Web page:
The opinion of the court was delivered by: KNAPP
Plaintiff in this Freedom of Information Act suit is an attorney who is writing a book on the constitutional implications of firearms control laws and their enforcement. He seeks disclosure of withheld portions of a pamphlet entitled "Raids and Searches" from the Bureau of Alcohol, Tobacco, and Firearms. The matter is now before us on cross-motions for summary judgment.
Pursuant to subsection (a)(4)(B) of 5 U.S.C. § 552 ["the Act"], the agency has submitted the entire pamphlet to the Court for in camera inspection. Upon inspection we have found that the withheld portions include descriptions of the equipment used in raids, methods of gaining entry to buildings by "force or strategy", factors relating to the timing of raids, techniques used by suspects to conceal contraband, and other topics.
Rex D. Davis, the director of the agency, has submitted an affidavit outlining section-by-section the agency's reasons for non-disclosure. Davis asserts that disclosure of various sections would hinder investigations, enable violators to avoid detection, and jeopardize the safety of government agents. We believe that release of some sections could indeed have these effects. However, the techniques described in other sections the agency seeks to withhold are matters of common knowledge and their disclosure could have no appreciable impact on enforcement. In support of non-disclosure the agency invokes the Act's (b)(2) and (b)(7) exemptions, as well as subsection (a)(2)(C).
Plaintiff has cited no cases, and our research has not uncovered any, in which courts have ordered release of a manual where the effect would be to impede enforcement or endanger agents. Courts that have considered disclosure of such material have exempted it under one or another of the provisions here relied on by the agency. However, after careful consideration of the cases, as well as the Act's language and legislative history, we are unable to conclude that any of those provisions apply. We are nonetheless hesitant to order disclosure of such sensitive material, especially in light of Congress' exemption from mandatory disclosure of identical material where contained in "investigatory records compiled for law enforcement purposes."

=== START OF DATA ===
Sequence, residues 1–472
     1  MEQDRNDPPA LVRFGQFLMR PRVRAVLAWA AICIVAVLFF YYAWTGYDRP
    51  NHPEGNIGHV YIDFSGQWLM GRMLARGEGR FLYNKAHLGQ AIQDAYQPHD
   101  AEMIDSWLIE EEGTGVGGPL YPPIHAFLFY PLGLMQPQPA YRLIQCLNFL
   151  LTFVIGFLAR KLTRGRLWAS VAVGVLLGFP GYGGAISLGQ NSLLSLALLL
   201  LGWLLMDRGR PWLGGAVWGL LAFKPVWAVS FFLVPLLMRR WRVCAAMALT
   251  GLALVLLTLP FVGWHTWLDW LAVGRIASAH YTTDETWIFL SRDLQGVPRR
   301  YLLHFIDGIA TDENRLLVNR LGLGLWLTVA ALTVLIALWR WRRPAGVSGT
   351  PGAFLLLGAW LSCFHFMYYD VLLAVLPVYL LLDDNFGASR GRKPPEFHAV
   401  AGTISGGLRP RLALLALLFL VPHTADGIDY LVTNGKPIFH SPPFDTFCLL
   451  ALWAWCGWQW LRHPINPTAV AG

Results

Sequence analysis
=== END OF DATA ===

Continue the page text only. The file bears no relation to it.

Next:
Because release here could lead to such regrettable consequences, and because Congress has so clearly indicated its concern over disclosure of "investigatory techniques" in other contexts, we feel that this case is one in which a court is warranted in exercising equitable discretion to decline to order disclosure under the Act.
We will first consider the provisions relied upon by the agency (which we find not to warrant withholding disclosure) and then discuss the exercise of our equitable discretion (which we have decided to exercise in favor of withholding some material).
I. Provisions Relied on by the Agency.
The agency claims that the withheld portions fall under the terms of subsection (b)(2), which exempts from mandatory disclosure matters "related solely to the internal personnel rules and practices of an agency." The Court of Appeals for this Circuit has noted that the House and Senate Reports on the (b)(2) exemption "diametrically clash". Rose v. Department of Air Force (2d Cir. 1974) 495 F.2d 261, 264, aff'd 425 U.S. 352, 48 L. Ed. 2d 11, 96 S. Ct. 1592 (1976). The Senate Report stated:
"Exemption No. 2 relates only to the internal personnel rules and practices of an agency. Examples of these may be rules as to personnel's use of parking facilities or regulations of lunch hours, statements of policy as to sick leave, and the like." S. Rep. No. 813, p.8.
The House Report on the other hand commented:
"2. Matters related solely to the internal personnel rules and practices of any agency: Operating rules, guidelines, and manuals of procedure for Government investigators or examiners would be exempt from disclosure, but this exemption would not cover all 'matters of internal management' such as employee relations and working conditions and routine administrative procedures which are withheld under the present law." H.R.Rep. No. 1497, p.10.
The Court of Appeals in Rose did not find it necessary to resolve this conflict.
Now faced with that necessity, we conclude that "personnel rules and practices", by the plain meaning of those words, relate only to issues concerning conditions of employment of the type on which the Senate Report focused. Accord, see Hawkes v. Internal Revenue Service (6th Cir. 1972) 467 F.2d 787, 797. The withheld portions manifestly are not of this ...